Are there Christians in Saudi Arabia?

Arno Froese

“And ye shall be hated of all men for my name’s sake: but he that endureth to the end shall be saved” (Matthew 10:22). 

We must realize that this end-time prophecy Jesus uttered is directed toward His disciples and the people of Israel in the first place. We know from history, particularly church history, that Christians have been persecuted and killed for their faith.

Even today, there is Christian persecution in some places. While it is difficult to determine whether it speaks of Christians by tradition or true Christians by faith, there is little doubt that in many Islamic countries—where Christians are a small minority—it is somewhat difficult to practice their faith.

Take Saudi Arabia, for example; it is strictly forbidden to bring a Bible into the country.

Are there Christians in Saudi Arabia? Here is what Wikipedia has to say:

Accurate religious demographics are difficult to obtain in Saudi Arabia but while all citizens are considered Muslims by the state, there are believed to be at least 1.5–2 million Christians living in the country.

While Muslims in the European world (West) can practice their religion freely, even build mosques and other religious and cultural centers, that is not the case for non-Muslims in Saudi Arabia.

Saudi Arabia allows Christians to enter the country as foreign workers for temporary work, but does not allow them to practice their faith openly. Because of that Christians generally only worship within private homes. Items and articles belonging to religions other than Islam are prohibited. These include Bibles, crucifixes, statues, carvings, items with religious symbols, and others.

The article goes further to say:

International Christian Concern (ICC) protested what it reported as the 2001 detention of 11 Christians in Saudi Arabia, for practicing their religion in their homes. In June 2004, at least 46 Christians were arrested in what the ICC described as a “pogrom-like” action by Saudi police. The arrests took place shortly after the media reported that a Quran had been desecrated in the Guantanamo Bay detention camp.

Christians and other non-Muslims are prohibited from entering the cities of Mecca and Medina, Islam’s holiest cities.

-en.wikipedia.org/wiki/Christianity_in_Saudi_Arabia

Persecution of Jews
In the opposite direction are the Jews who don’t believe in Jesus. It was often for that reason they were severely persecuted during the last 2,000 years, climaxing in the most horrific mass murder of six million Jews under the Nazi regime of Germany. Contrary to Christian persecution, which often has little to no relationship to real Christianity, the Jews were persecuted for being Jews. An explanation may be necessary. There are Christians and Christians by religion. For example, the Thirty Years’ War in Europe was fought between the Catholics and the Protestants, but these Protestants were fighting flesh-and-blood and cannot be considered Christians in the truest Biblical sense.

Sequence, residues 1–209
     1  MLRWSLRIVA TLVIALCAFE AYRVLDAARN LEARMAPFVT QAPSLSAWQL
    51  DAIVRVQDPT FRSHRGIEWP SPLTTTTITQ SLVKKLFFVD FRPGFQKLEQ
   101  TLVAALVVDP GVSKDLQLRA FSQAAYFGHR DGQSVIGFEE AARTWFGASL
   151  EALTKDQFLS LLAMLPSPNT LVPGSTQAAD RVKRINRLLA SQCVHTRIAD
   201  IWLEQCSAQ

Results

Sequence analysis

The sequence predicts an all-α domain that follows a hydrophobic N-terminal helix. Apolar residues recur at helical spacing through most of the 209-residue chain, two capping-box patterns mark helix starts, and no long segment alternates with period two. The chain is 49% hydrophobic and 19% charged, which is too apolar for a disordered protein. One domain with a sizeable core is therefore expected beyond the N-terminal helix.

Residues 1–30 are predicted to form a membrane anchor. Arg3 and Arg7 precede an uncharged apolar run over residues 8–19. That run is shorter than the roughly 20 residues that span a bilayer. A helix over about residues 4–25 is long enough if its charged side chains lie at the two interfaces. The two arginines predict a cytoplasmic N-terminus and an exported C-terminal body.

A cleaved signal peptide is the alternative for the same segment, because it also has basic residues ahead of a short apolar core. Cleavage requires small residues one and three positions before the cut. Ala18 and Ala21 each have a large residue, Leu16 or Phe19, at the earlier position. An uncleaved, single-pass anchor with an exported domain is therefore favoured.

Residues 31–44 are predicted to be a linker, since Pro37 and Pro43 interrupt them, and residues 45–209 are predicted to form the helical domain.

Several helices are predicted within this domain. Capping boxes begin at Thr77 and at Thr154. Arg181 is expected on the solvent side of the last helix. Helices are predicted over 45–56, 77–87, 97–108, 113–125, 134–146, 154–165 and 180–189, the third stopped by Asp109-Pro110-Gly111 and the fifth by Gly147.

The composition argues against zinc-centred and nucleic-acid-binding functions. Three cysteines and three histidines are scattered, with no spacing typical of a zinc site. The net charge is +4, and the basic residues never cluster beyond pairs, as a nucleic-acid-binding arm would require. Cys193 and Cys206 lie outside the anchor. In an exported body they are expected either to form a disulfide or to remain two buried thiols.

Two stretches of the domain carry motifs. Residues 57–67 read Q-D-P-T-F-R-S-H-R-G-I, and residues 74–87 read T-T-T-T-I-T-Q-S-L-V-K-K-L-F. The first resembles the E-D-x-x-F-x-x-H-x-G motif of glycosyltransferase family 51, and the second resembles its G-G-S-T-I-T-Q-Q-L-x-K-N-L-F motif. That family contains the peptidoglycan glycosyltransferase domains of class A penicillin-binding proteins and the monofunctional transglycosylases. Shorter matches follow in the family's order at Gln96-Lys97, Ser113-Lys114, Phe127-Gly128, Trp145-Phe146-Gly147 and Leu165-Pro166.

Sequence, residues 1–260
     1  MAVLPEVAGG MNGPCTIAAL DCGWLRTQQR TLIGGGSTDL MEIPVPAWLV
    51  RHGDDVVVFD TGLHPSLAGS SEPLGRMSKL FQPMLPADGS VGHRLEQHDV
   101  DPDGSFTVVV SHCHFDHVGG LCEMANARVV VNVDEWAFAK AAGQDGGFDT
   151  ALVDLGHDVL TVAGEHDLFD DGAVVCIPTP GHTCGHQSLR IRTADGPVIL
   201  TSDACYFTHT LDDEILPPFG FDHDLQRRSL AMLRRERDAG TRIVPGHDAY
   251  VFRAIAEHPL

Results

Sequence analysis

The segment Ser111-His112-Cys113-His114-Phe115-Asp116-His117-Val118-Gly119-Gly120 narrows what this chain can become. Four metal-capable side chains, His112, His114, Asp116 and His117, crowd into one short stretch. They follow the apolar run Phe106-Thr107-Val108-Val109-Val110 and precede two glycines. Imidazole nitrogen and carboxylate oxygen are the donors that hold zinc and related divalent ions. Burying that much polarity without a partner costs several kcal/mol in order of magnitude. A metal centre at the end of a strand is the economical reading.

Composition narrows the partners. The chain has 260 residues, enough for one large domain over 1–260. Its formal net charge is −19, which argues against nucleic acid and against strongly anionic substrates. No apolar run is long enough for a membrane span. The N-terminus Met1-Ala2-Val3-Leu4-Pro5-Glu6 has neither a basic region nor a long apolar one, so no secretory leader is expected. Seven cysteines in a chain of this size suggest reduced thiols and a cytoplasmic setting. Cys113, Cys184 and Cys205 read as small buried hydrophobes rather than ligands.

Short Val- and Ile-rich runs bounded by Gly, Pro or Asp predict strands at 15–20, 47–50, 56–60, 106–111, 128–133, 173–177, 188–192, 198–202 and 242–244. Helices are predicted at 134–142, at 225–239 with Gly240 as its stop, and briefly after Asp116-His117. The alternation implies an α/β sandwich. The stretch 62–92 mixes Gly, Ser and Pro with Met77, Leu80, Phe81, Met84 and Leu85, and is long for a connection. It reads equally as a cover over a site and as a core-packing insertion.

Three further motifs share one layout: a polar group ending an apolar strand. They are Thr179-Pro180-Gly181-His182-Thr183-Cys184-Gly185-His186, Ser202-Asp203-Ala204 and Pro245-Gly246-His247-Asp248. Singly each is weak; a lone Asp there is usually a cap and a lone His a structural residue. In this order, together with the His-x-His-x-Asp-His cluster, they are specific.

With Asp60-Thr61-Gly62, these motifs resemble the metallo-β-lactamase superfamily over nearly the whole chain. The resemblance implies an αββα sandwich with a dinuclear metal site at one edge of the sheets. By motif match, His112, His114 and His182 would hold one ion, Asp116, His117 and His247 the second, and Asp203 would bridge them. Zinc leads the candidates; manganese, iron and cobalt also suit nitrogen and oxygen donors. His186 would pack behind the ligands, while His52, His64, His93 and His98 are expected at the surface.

There is no other group of people in the world that have as much documentation regarding persecution as the Jews.

Christian Persecution of Jews
We received a German newspaper titled Christ & Welt, 24 May 2017. The newspaper article was headlined “In Aller Freundschaft” (“In All Friendship” in English). The article concerned itself with the 500-year anniversary of Martin Luther nailing his 95 Theses on the church door in Wittenberg. Fourteen important issues were dealt with. What caught our eye was article 9, titled “For Peace.” Here is the translation:

Nowhere is ecumenism as developed as in peace work. Since the emergence of the association “Living Without Arms” in 1978, the basic pacifist movements “Pax Christi” and Protestant peace groups have transformed society. One cannot imagine the church today without it. Their concord, however, is also based on a common opponent: Israel. The ecumenical theme “50 years of Israeli occupation—We must not be silent” by the “Kairos Palestine Solidarity Network” cannot be held at the Catholic Academy in Berlin, but will be moved to Marzahn.
-German Evangelical Church Congress (Kirchentag)

Unity between the various groups of evangelicals and the Catholic Church is based on “a common opponent: Israel.” How horrendous; Israel is actually the only nation that should be wholeheartedly supported by Christians. Why? Because the Bible, our ultimate authority for the Christian life, comes from Israel. The writers were Jews. Jesus Christ our Lord was, is, and always will be a Jew. Yet, the Evangelical Congress in Germany does not mention even extremely anti-Christian countries such as Saudi Arabia, but singled out Israel, the only functioning democracy in the Middle East. They are the most successful country in that area, and doubtless in the future will be the greatest. A church organization, presumably to teach Holy Scripture, has no enemies except one: Israel.

The actions of the Evangelical Church Congress in Germany, confirm the prophecies of Balaam, who was paid by Balak to curse the people of Israel. He said: “How shall I curse, whom God hath not cursed? or how shall I defy, whom the Lord hath not defied? For from the top of the rocks I see him, and from the hills I behold him: lo, the people shall dwell alone, and shall not be reckoned among the nations” (Numbers 23:8-9).

That is just another reason why we, the Church of Jesus Christ, support Israel unconditionally.

Midnight Call - 10/2017 

Arno Froese is the executive director of Midnight Call Ministries and editor-in-chief of the acclaimed prophetic magazines Midnight Call and News From Israel. He has authored a number of well-received books, and has sponsored many prophecy conferences in the U.S., Canada, and Israel. His extensive travels have contributed to his keen insight into Bible prophecy, as he sees it from an international perspective.

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